If you were still in your initial (probationary) period of employment, your employer can terminate for you for whatever reason they want. Check with the HR policies & procedures, but most organizations do not entertain any official grievance unless the employee is past the probationary period.
I know that it may be a cliche, but "not a good fit" is actually a pretty good reason for not continuing an employment relationship. From the information you have shared, it seems to be applicable in this situation. As a manager, I have terminated staff because of attitude issues or inability to get along with co-workers despite the fact that they had all the requisite competencies and had not had any patient safety issues. Nursing in most environments is a team activity and managers sometimes have to make decisions that support team cohesion/camaraderie.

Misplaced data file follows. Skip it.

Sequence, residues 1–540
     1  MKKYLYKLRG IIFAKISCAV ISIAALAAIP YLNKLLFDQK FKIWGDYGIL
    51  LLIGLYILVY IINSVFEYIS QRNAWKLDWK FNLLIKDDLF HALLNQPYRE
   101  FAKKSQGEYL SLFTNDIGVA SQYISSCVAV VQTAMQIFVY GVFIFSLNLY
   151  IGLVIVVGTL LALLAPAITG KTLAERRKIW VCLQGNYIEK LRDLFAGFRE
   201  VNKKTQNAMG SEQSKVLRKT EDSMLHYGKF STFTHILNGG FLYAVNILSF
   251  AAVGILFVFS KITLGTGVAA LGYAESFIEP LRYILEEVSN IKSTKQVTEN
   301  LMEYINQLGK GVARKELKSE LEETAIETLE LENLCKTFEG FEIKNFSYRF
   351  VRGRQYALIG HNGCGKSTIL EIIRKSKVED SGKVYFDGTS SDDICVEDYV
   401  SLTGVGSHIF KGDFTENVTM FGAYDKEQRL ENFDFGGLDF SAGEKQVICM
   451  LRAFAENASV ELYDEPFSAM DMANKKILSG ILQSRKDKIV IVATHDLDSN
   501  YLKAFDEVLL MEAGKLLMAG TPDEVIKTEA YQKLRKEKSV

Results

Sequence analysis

It's OK. Very few of us (myself included) make it through a career without being fired at least once. When it occurs in your initial period of employment, it can easily be explained as "not a good fit" and not due to performance issues. I know that it may not seem like right now, but (based on my own experience) it can even become a positive influence if you learn from it and move on rather than harboring bitterness that will affect any future positions.
Best of luck to as you move on from this awful experience.